Venezuela Building Socialism in the Midst of a War

Report from the Left Forum

“Venezuela,” Daniela Rodríguez explained, “is building socialism in the midst of a war.”  According to Rodríguez, “the U.S. is using new tools of warfare trying to subjugate, dominate, and push back socialism not only in Venezuela but in any part of the world.” Nevertheless, she added, “we are learning new ways to defend humanity.”

A youth member of the United Socialist Party of Venezuela, Rodríguez was only nine years old when Hugo Chávez was elected president of Venezuela in 1998 and initiated the Bolivarian Revolution. Based on her activism, this millennial explained to a mostly seasoned audience at the Left Forum in Brooklyn, New York, on June 29: “The road to socialism is not a flat road. It is a road with many obstacles. But the direction of our government has been clearly towards socialism. The Venezuelan constitution has shown the way. It is not easy to make a revolution the democratic way in the context of globalization and international warfare” from the U.S.

Rodríguez had been invited as a special guest to a panel of activists reporting back on their solidarity delegation to Venezuela last March.

Joe Lombardo recounted that what their delegation to Venezuela saw was the opposite of what was being reported in the U.S. corporate press. Lombardo is co-coordinator of the United National Anti-war Coalition (UNAC). He twice tried to attend announced opposition rallies in Caracas, which didn’t materialize. In fact, the government had dispatched police to protect the opposition supporters had they assembled because, for most Venezuelans, the U.S.-backed far-right opposition was profoundly unpopular. Meanwhile, the delegation witnessed huge demonstrations mobilizing in defense of the government.

Delegation organizer Bahman Azad of the U.S. Peace Council described how the U.S. is promoting wars all over the world. With its unparalleled power, the U.S. can use hybrid warfare techniques such as unilateral coercive economic measures to rain misery upon the population of any country that shows independence from the U.S.-imposed world order. The U.S. is currently unilaterally sanctioning not only Venezuela but also some 30 other countries. The increasing danger of major power confrontation and consequently of world war urgently calls for building a unified movement against militarism, because only a peace movement within the U.S. can overcome this war mongering.

Azad reflected that societies like Venezuela cannot transmute from capitalist to socialist overnight but must transform over time. Azad, citing Lenin, explained that a revolutionary vanguard must lead, but only by a single step lest it get too detached from the people and become right in essence

Another delegate, Sara Flounders, with the International Action Center noted that it is not for North Americans to tell the Venezuelans that they are not socialist enough. Instead of academic criticisms that Venezuela has not nationalized enough private property, we should understand that right now the U.S. government is preventing the Venezuelan-owned CITGO company in the U.S. from repatriating profits, which would be used to provide needed food and medicines to the Venezuelan people.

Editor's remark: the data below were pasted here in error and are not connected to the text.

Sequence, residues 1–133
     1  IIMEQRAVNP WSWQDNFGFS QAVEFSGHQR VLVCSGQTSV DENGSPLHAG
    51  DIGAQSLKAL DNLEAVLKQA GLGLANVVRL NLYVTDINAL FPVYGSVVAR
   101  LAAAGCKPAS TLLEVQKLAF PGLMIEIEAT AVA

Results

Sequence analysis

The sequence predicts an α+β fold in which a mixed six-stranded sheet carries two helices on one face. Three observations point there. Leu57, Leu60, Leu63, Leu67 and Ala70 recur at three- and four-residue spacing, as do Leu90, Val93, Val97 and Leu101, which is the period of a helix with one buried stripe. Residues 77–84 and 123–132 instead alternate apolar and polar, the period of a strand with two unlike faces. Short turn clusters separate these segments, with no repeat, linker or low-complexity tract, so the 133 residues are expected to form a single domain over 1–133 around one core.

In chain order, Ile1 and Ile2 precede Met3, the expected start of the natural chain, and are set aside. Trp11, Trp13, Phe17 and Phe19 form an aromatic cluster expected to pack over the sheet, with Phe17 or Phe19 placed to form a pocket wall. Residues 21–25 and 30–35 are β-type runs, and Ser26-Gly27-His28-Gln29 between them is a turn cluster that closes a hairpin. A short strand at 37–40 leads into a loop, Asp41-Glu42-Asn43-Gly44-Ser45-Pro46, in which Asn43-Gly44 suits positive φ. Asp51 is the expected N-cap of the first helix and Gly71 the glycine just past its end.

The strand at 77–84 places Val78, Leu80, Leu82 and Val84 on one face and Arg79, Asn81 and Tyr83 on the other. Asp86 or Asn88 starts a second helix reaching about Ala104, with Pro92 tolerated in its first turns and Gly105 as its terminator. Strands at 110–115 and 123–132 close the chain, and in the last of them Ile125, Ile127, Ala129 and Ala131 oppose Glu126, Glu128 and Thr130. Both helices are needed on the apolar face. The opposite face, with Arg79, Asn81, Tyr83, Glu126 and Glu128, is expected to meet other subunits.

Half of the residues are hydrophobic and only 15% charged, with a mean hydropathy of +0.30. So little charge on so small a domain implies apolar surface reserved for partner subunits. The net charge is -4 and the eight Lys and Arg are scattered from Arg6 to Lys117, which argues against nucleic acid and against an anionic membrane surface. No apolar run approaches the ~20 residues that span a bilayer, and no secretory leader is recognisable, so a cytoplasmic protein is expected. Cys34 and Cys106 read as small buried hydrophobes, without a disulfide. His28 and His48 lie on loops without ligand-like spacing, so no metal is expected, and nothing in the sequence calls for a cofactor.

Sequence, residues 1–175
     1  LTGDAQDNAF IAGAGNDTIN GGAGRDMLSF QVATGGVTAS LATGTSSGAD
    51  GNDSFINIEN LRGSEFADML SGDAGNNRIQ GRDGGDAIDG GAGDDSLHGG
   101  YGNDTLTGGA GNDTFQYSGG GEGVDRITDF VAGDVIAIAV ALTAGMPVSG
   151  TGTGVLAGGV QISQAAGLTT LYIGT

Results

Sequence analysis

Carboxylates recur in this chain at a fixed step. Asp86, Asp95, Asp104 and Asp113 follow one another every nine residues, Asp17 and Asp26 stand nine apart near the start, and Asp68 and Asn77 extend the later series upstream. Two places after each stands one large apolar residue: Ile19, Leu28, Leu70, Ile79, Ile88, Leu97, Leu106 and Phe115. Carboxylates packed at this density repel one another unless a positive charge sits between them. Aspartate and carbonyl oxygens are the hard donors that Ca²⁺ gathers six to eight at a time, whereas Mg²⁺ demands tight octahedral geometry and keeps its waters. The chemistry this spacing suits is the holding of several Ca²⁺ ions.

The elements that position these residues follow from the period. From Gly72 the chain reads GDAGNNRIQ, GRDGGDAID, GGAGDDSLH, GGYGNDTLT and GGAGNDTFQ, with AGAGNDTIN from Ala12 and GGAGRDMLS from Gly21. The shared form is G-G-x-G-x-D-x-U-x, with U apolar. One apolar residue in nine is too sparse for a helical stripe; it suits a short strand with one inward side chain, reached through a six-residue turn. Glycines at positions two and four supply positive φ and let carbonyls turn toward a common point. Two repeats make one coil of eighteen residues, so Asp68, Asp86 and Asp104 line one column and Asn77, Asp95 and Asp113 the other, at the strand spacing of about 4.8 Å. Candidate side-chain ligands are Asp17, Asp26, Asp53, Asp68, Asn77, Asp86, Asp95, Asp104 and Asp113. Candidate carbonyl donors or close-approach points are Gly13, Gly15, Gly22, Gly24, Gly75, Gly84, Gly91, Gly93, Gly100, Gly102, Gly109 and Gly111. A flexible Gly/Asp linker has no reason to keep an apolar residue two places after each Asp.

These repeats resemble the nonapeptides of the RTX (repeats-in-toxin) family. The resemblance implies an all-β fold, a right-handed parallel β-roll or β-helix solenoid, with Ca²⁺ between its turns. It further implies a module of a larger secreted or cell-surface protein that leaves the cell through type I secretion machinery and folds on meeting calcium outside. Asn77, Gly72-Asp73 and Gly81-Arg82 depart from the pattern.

William Camacaro, of the Alberto Lovera Bolivarian Circle, resides in the U.S. and recently led a delegation to his native Venezuela. To say that the Venezuelan government of Nicolás Maduro does not need to be defended from the U.S. regime-change project because it has not overthrown its bourgeoisie is, according to Camacaro, to implicitly support the U.S.-backed coup effort.

Kevin Zeese, co-director of Popular Resistance and another delegate, further explained that the Venezuelan revolution for socialism is best understood as a “process.”

Zeese is part of the Embassy Protection Collective, which defended the Venezuelan Embassy in Washington, DC at the invitation of the Venezuelan government after the Venezuelan embassy staff left the U.S. For 37 days they prevented the embassy from being occupied by representatives of the unelected Juan Guaidó who is the U.S.-anointed and self-proclaimed interim president of Venezuela.

Zeese along with Margaret Flowers, also a co-director of Popular Resistance and attending the panel, plus two other Embassy Protectors were ultimately arrested by the U.S. government and now face possible high fines and imprisonment. A defense committee has been formed and is soliciting donations to help defray legal fees and doing educational work to help build a national consensus against the ongoing coup attempt in Venezuela by the U.S. A demonstration is called for at Herald Square in Manhattan with a march to the UN on September 22.

Rodríguez expressed her great gratitude for the courage of the Embassy Protectors defending both the Venezuelan embassy and, she added, international law. The Venezuelan people see them, she explained, as true heroes and inspirations.

An Ecuadorian attending the panel called Venezuela “the light for Latin America,” because of its internationalist commitment to helping people. He thanked the Maduro government of Venezuela, which was the first to send millions of dollars of relief aid when Ecuador had a disastrous earthquake.

Rodríguez concluded about the historical struggle against imperialism and for humanity. “I am just a worker,” she explained. “I believe in something – the need to promote solidarity. We need to feel solidarity with suffering in any part of the world. The Empire doesn’t respect international law. The United Nations is being attacked by the very nation that hosts it.” She lamented the terrible misery in Venezuela happening now due to the U.S. regime-change project, closing that “justice shall prevail.”

Roger D. Harris is with the human rights group Task Force on the Americas and the anti-war group US Peace Council. Read other articles by Roger D..